Did you know there are five distinct stages of tooth decay? And, that in the first stage of decay, you can actually take steps to reverse the progression of the disease? Indeed, it’s true. In the first stage of decay, whether you’re a child or an adult, the application of fluoride via fluoride treatments, your toothpaste and even the local water supply can stop a cavity from penetrating through the enamel and reaching its second stage. Even the saliva in your mouth and the foods you eat help to re-mineralize a tooth in jeopardy. But that’s just the first stage! What about the rest? Understanding how a cavity progresses can assist you in preventing each successive stage from occurring. There’s always a lot going on in that mouth!
Over the last several years the sparkling water market has exploded. Everyone has seen Perrier and Pellegrino. They have been around for decades, but recently there has been an influx of new, flavored carbonated water brands like La Croix and Bubly. Wegmans Food Markets and all of the major beverage brands have even jumped on the bandwagon. If you're like me, you love these drinks (especially the Wegmans Cherry Pomegranate!), but what's the difference between these, plain-old water, and other types of beverages?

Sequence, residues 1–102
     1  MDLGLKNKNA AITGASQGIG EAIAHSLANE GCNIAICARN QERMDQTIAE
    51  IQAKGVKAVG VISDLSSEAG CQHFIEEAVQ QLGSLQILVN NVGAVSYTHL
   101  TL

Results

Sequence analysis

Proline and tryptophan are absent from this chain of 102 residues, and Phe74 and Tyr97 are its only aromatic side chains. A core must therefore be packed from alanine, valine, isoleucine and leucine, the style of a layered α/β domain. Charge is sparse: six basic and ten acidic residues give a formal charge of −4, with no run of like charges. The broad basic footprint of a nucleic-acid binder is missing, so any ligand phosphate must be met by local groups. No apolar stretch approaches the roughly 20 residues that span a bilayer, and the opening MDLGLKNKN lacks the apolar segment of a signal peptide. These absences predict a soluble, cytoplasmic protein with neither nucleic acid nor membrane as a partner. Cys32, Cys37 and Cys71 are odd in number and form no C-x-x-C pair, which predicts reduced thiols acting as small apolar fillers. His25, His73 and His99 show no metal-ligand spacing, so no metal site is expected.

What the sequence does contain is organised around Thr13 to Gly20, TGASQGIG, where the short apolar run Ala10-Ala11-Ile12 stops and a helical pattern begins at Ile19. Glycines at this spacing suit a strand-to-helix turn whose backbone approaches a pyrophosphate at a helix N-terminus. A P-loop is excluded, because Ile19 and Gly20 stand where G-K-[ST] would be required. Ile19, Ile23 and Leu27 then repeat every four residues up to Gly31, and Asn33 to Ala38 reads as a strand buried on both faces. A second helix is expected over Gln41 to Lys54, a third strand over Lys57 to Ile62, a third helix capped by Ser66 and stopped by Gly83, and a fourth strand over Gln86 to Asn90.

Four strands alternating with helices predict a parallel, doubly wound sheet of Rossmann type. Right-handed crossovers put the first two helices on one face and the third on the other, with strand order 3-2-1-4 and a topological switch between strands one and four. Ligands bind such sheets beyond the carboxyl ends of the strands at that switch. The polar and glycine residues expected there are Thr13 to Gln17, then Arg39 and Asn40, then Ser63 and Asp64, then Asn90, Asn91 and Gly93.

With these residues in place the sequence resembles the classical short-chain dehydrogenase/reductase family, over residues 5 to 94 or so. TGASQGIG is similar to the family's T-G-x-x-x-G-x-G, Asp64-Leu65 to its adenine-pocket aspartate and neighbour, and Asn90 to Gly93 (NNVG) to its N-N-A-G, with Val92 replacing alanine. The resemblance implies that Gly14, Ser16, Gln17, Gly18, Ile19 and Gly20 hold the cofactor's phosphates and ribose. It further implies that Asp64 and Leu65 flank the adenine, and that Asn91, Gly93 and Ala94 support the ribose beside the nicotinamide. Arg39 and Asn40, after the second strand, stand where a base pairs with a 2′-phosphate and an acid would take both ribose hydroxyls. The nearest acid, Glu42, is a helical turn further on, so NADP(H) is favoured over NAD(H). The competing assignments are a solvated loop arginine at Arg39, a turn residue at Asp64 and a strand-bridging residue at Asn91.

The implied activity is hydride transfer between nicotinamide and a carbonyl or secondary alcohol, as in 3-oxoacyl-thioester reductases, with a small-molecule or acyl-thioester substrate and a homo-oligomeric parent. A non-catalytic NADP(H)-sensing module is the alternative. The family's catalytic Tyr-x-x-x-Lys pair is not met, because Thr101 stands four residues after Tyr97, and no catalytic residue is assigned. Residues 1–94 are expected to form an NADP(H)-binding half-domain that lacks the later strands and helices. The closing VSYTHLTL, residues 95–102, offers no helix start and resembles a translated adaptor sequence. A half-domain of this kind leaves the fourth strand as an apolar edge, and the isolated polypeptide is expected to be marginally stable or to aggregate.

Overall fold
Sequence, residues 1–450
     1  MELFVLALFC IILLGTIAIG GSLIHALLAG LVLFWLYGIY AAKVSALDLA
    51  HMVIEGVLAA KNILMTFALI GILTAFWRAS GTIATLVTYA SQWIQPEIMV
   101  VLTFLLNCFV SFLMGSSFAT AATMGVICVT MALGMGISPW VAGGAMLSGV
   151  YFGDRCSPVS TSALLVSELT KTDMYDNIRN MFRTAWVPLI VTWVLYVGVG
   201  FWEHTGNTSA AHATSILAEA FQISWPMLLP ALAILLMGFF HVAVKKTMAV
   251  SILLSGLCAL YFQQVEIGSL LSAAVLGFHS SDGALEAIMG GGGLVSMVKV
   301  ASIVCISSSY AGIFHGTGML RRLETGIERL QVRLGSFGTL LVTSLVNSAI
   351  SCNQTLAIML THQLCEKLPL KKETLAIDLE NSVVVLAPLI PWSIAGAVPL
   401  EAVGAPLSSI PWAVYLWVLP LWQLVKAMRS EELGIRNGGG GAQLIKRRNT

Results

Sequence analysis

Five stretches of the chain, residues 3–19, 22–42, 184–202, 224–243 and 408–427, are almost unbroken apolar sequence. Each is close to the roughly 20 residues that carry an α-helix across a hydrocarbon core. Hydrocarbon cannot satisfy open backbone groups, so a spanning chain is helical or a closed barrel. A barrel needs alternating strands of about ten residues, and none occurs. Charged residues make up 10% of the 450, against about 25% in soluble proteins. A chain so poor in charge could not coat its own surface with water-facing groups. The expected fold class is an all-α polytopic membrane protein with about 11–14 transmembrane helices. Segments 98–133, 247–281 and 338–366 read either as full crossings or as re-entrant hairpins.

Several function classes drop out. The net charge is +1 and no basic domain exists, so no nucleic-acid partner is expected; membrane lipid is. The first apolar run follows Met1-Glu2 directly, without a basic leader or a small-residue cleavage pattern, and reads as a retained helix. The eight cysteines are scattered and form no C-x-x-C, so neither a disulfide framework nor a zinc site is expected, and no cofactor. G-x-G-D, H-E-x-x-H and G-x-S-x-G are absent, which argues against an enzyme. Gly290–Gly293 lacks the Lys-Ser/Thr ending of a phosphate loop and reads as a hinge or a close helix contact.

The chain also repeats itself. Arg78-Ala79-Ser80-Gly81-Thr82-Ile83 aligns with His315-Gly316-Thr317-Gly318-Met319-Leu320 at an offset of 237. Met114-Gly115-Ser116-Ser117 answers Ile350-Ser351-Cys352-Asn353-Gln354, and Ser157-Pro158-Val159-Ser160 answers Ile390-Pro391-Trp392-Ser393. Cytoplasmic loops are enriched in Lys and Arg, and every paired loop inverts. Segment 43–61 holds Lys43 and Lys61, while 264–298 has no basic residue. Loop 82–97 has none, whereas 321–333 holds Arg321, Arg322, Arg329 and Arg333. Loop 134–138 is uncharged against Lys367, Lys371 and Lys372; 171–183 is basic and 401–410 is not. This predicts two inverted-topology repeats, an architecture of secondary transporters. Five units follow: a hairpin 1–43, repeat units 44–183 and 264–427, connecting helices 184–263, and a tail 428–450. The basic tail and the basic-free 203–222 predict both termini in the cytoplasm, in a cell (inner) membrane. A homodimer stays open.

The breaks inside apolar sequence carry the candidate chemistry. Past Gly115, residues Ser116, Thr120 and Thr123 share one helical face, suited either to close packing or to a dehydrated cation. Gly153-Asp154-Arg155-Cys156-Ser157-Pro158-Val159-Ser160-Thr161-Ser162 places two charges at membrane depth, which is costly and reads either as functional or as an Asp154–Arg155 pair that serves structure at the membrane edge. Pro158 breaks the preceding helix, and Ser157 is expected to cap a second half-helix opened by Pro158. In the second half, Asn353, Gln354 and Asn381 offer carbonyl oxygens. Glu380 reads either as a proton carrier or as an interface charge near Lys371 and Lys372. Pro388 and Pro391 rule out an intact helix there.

According to the National Institutes of Health, the most prevalent health condition after the common cold is tooth decay. It’s far more than likely that if you haven’t already had a cavity, you will develop at least one in your lifetime.
Many will be celebrating Easter this coming weekend and with it comes an abundance of candy. Easter poses a problem to your teeth, but there are some choices that you can make that may make the holiday a bit less of an issue when it comes to tooth decay. Here are some types of candy that you may encounter this Easter.
Patients are often surprised to find out that they have a cavity. I've been in that position myself, and understand the disbelief! When showing a patient their cavity on our HD screens, we often hear "but it doesn't hurt”. While cavities can lead to tooth aches, they rarely do.
One of my great professors at Stony Brook University School of Dental Medicine, Fred Ferguson, used to tell us that there are four key requirements for causing a cavity. As you'll see from a previous CrossKeys Dental blog post, there are many factors to cavity production, but when looked at on the most basic level you might be surprised by how easy it is to understand the process...
Every tooth has a root canal. That is the name of the tiny canal that runs through the center of each tooth's root. This "tube" houses the pulp, which is the soft tissue inside of the tooth that includes nerves and blood vessels. When there is a problem with the pulp, your dentist will perform endodontic treatment, otherwise known as root canal therapy (RCT)...